The use of gift vouchers or prepaid vouchers/cards in businesses has gained popularity, not only in B2C transactions but also in B2B transactions.

Voucher -Under GST Regime:

Section 2(118) “voucher” means an instrument where there is an obligation to accept it as consideration or part consideration for a supply of goods or services or both and where the goods or services or both to be supplied or the identities of their potential suppliers are either indicated on the instrument itself or in related documentation, including the terms and conditions of use of such instrument.

Some of the situations where gift vouchers are used can be –

Gift/Prepaid vouchers issued by stores such as Amazon, Shopper’s Stop, Pantaloons, etc., to their customers, i.e., B2C transaction,

Gift/Prepaid vouchers are issued by companies to their employees for redemption at grocery stores, restaurants etc., i.e., B2B transaction between voucher issuer and the company purchasing the vouchers,

Gift/Prepaid vouchers are given by companies to their dealers and franchisees by companies as incentive for achieving targets or on festive occasions etc., i.e., B2B transaction,

Gift/Prepaid vouchers are purchased by banks or fulfilment agencies for issuing to the bank or credit card customers for redemption of loyalty points, i.e., B2B transaction between voucher issuer and the bank/credit card/fulfilment company purchasing the vouchers.

Types of Gift/prepaid vouchers:

Broadly, we find two types of Gift/prepaid vouchers –

Gift/Prepaid vouchers that can be redeemed only against a specific product or service. In this article, we will refer to these kind of vouchers as ‘Specific vouchers. Examples of specific vouchers are gift vouchers that can be redeemed at an ice-cream store only for purchase of ice-cream, or a gift voucher entitling the holder membership at a gymnasium for a fixed period, and,

Gift/Prepaid vouchers that can be redeemed against multiple goods, or services or both. In this article, we will refer to these kind of vouchers as ‘General vouchers. Examples are, gift or prepaid vouchers issued by a hotel which can be redeemed against accommodation services or against restaurant or health club services etc., or voucher issued by a department store which can be redeemed against purchase of multiple products such as garments, footwear, electronics, cosmetics, etc.

In a judgment on Sodexo Coupons – 2015-TIOL-293-SC-MISC Hon’ble Supreme Court has overturned the judgment of Bombay High Court which had classified the coupons under the domain of goods inviting VAT and Local body tax (LBT). Apex Court has categorically decided that these so-called food vouchers for employees (which can also be used at some designated stores for buying of goods etc.,) are not ‘goods’ and hence they won’t invite VAT and LBT. Apex Court was also clear that these vouchers are merely “payment instruments” and not ‘goods’ and they become taxable only when they are redeemed.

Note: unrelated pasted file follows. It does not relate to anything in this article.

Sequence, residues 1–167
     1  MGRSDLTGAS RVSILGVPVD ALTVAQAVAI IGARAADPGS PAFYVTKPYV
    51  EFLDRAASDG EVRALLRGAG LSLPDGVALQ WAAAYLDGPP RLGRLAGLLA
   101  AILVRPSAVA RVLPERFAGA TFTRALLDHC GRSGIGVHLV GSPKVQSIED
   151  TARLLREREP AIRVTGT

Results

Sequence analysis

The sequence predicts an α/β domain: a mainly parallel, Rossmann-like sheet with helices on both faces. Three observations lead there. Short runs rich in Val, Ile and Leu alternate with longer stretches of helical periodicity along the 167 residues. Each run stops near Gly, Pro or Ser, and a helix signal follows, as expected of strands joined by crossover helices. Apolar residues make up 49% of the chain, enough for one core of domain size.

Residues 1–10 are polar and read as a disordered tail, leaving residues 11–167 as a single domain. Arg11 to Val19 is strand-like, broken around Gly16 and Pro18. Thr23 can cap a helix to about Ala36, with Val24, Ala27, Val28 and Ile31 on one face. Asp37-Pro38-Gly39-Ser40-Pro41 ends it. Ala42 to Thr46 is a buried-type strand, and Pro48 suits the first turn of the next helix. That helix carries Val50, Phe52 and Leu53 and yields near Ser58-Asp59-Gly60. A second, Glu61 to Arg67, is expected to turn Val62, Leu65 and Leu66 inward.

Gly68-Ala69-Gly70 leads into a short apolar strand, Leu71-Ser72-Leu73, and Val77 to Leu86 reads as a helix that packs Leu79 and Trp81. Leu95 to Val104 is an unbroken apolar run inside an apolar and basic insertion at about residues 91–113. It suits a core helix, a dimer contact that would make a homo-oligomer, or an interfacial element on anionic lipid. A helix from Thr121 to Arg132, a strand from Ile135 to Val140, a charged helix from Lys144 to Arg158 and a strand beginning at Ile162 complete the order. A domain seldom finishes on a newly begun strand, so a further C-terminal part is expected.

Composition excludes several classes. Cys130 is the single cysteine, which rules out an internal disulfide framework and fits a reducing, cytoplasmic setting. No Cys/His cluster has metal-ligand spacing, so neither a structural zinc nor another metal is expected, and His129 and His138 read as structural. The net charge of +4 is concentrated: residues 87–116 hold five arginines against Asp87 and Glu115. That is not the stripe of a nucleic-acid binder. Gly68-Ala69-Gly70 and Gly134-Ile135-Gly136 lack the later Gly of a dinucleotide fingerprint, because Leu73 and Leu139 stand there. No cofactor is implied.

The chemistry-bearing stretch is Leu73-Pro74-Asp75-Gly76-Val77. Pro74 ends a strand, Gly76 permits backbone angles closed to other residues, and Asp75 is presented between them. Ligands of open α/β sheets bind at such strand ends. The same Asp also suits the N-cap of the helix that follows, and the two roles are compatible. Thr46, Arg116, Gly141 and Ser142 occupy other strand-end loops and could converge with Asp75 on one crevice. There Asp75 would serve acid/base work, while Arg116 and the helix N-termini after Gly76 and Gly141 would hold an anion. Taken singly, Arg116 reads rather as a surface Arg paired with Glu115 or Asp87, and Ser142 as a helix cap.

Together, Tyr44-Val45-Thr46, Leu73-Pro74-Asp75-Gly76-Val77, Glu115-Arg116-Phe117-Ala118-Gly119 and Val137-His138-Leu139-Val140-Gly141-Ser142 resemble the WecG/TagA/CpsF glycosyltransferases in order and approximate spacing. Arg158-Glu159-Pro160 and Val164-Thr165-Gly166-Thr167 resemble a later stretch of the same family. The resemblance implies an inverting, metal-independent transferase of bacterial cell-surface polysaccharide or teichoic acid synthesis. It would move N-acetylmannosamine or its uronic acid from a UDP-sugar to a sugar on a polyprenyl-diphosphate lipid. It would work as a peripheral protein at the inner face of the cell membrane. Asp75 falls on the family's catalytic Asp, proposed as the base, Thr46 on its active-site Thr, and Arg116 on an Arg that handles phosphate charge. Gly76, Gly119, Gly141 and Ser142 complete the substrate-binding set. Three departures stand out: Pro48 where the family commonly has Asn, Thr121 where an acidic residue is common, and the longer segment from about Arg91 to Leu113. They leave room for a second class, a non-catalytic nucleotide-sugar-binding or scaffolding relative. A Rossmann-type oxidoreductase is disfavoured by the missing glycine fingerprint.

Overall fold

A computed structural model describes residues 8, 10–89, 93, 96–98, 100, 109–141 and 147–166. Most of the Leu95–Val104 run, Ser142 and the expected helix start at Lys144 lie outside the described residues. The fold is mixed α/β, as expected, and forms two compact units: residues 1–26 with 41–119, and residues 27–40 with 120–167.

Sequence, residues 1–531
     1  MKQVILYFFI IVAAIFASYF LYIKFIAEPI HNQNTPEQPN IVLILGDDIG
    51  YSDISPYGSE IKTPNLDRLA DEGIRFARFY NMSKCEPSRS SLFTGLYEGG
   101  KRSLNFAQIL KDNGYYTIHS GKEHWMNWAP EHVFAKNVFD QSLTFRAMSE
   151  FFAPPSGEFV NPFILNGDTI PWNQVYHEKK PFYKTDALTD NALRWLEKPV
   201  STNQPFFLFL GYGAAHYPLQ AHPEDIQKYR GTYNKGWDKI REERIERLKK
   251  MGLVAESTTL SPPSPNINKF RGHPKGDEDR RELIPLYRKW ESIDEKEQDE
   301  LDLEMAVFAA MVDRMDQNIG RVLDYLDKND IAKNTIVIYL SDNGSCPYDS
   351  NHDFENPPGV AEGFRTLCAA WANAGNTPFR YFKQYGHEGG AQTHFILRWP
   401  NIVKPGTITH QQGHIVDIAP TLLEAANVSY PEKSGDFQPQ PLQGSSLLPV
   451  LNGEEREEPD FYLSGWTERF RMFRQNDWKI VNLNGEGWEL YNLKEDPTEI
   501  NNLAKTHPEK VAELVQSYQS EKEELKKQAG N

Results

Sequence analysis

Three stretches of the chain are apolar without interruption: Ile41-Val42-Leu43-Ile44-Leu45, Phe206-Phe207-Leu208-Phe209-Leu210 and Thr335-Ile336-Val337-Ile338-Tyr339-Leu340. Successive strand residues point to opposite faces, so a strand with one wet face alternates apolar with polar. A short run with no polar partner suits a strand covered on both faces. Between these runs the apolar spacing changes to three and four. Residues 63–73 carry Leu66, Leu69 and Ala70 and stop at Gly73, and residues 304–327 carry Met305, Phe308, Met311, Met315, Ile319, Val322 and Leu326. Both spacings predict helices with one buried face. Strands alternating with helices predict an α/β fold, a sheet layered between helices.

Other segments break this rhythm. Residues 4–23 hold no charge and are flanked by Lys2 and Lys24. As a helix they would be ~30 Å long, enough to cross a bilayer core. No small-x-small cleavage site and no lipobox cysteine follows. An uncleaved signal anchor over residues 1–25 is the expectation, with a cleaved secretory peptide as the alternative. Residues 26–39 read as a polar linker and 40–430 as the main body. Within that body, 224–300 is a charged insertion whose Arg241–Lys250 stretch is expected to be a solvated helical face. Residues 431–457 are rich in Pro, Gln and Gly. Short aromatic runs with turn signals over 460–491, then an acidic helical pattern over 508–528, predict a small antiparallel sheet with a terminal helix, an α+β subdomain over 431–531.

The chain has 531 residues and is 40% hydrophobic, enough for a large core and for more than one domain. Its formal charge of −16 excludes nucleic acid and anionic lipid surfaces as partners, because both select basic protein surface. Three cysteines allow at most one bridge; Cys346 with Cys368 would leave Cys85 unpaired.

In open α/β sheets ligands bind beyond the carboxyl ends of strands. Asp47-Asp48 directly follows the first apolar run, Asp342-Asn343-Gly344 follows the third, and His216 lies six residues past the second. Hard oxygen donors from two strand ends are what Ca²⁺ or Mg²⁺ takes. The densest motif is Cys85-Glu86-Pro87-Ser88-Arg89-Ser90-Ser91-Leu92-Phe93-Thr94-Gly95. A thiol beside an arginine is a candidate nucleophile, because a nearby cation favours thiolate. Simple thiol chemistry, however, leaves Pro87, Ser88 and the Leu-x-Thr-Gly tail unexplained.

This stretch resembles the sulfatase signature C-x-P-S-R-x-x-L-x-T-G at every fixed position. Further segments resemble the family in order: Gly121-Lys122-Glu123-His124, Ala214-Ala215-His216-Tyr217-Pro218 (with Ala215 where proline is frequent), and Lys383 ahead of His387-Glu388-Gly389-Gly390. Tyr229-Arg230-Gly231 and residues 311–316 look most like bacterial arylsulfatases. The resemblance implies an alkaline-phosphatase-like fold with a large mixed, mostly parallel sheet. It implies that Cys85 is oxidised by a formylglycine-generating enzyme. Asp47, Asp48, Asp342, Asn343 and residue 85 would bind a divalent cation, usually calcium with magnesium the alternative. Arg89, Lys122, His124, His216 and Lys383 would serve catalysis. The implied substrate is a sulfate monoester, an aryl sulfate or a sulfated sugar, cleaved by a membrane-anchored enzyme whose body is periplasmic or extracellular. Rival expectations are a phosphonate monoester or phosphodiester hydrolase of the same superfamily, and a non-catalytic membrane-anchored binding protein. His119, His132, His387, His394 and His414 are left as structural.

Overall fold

However, in Contradiction to this judgement, it is seen from the above, that any property other than immovable property is a movable property. In this case, the customer purchases the Gift voucher and card by paying the issuer. Whoever produces the voucher at their stores, they will be allowed to redeem it. The voucher has both a value and an ownership and is the property of whoever first purchases it and later whoever redeems it, and it is movable. It is neither money nor actionable claim as discussed above. Hence, these gift vouchers/ cards issued by the applicant being ‘vouchers’ under the CGST Act are “Goods” as per Section 2(52) of CGST Act.

“Payment instrument” as defined in para 2(g) of the Payment and Settlement Act 2007 means any instrument, authorization or order in any form, including electronic means to affect a payment- by a person to a system participant or by a system participant to another system participant. The system participant includes the issuer.

The gift voucher/ gift card is an instrument squarely covered under the definition of “payment instrument” under Payment and Settlement Act 2007. It is not a claim to a debt, nor does it give a beneficial interest in any movable property to the bearer of the instrument. In fact, if the holder of the gift card/ voucher loses or misplaces it and is unable to produce it before the applicants stores before the time limit specified on the card/ voucher, the instrument itself becomes invalid. Then the customer cannot use it to pay for any goods. Thus, it is not an actionable claim as defined under Transfer of Property Act. It is only an instrument accepted as consideration / part consideration while purchasing the goods from the issuer and the identity of the supplier is established in the PPI.